Grizzly Bear in Yellowstone National Park. Credit: Jim Peaco, NPS
NewsAuthor: S. Shaw
UPDATE 12/8/2015, 5:30 PST: Text updated with official NPS comment to TrailMob.com.
Yellowstone National Park -- Grizzly Bears are one step closer to losing federal protection as an endangered species, at least around Yellowstone National Park. A September 25th, 2015 letter from U.S. Fish and Wildlife Service Director Dan Ashe to the Fish & Game departments of Idaho, Wyoming and Montana states that “we have a mutually understood process that will allow the Service to proceed with proposed delisting…” The proposal appears to clear the way for hunting Grizzly Bears.
Grizzlies in the Greater Yellowstone Ecosystem have been on the endangered species list since 1975, when their numbers dropped to just over 130. As of 2014, the National Park Service estimates there are 674 to 839 grizzlies in the Greater Yellowstone ecosystem, with roughly 150 residing wholly or partially within park boundaries. That recovery has led wildlife officials in Idaho, Montana and Wyoming to call for their removal from the endangered species list. The USFWS appears ready to go ahead with delisting before “the end of 2015” so long as conditions apparently already agreed upon remain in force. Those conditions as listed in the letter:
1.) “We have agreed...” to manage grizzly populations at long term average population levels, meaning grizzly numbers would not be allowed to fall under 600 “unless necessary to address human safety issues.”
2.) “We have agreed…” the Demographic Monitoring Area (DMA), or the area where bear mortality will be monitored and managed will be 19,279 square miles. Any grizzly deaths outside of the DMA would not count towards minimum numbers.
3.) “We have agreed…” on mortality limits within the DMA for females and males based on population size:
A. Below 600 grizzly bears no hunting would be allowed
B. Between 600-674 grizzly bears, up to 7.6% of adult females and 15% of adult males, may be killed by hunting or other methods
C.675-747 grizzly bears, up to 9% of adult females and 20% of adult males, may be killed by hunting or other methods
D. More than 747 grizzly bears, up to 10% of adult females and 22% adults males, may be killed by hunting or other methods.
FWS Director Ashe’s letter also states that “the recovery of the GYE (Greater Yellowstone Ecosystem) grizzly bear populations represents a tremendous conservation success story based on more than 30 years of collaboration…” The last estimate from National Park Service states grizzlies currently “occupy 22,522 square miles in the Greater Yellowstone Ecosystem.” That area is nearly 10 percent larger than the proposed Demographic Monitoring Area agreed up by the FWS and state wildlife managers.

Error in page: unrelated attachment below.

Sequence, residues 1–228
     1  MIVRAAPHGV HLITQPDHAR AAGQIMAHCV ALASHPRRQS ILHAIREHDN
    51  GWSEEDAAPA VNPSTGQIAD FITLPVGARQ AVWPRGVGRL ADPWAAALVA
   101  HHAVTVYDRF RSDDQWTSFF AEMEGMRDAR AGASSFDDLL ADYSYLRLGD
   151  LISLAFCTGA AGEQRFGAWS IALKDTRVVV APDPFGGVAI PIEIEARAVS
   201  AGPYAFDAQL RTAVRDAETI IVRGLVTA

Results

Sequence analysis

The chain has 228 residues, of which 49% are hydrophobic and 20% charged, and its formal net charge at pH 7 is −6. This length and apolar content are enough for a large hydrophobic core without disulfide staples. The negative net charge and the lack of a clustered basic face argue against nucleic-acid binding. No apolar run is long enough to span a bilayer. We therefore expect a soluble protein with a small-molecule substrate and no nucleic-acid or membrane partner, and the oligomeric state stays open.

A Yellowstone National Park spokesperson told TrailMob that they were not sent the letter, but have been expecting an announcement regarding grizzlies before the end of the year. After this article was initially published, Yellowstone NPS spokeswoman Amy Bartlett provided the following comment to TrailMob:
"The National Park Service is committed to preserving a sustainable wild grizzly bear population. We look forward to providing input on the Draft Rule and Conservation Strategy for the U.S. Fish and Wildlife Service and the states of Idaho, Montana, and Wyoming."
The proposed delisting framework is being condemned by conservation organizations. “Once again we see Director Ashe cutting deals for political expediency instead of following the science,” said Bethany Cotton, wildlife program director for WildEarth Guardians. “The Endangered Species Act is incredibly effective at recovering imperiled species, and will do so for grizzlies across their range, but only if they retain protections until the science clearly demonstrates recovery.”
“Recovery isn’t a math equation, it’s a geography question,” said Josh Osher, Montana Director for Western Watersheds Project. “The states’ tentative agreement with the Service fails to ensure connectivity throughout the species’ range and fails to address the livestock operations that are the root cause of lethal conflict for the grizzly bear.”
“It’s simply far too soon to remove protections for these grizzly bears,” said Andrea Santarsiere, a staff attorney with the Center for Biological Diversity. “The Endangered Species Act has done a great job of helping to recover grizzly bears in Greater Yellowstone, but isolation, declining food sources and an increase in human-caused mortality have caused the population to decrease from 757 to 714 bears just this year.”
Historically, biologists estimate 50,000 grizzly bears once ranged throughout the West, from Mexico to Alaska. Today, in the Lower 48 they remain only in isolated pockets such as the Greater Yellowstone Ecosystem, northwestern Montana and parts of the North Cascades. Currently there are an estimated 1,500 to 1,800 grizzlies in the contiguous U.S., including those in the Yellowstone Area.
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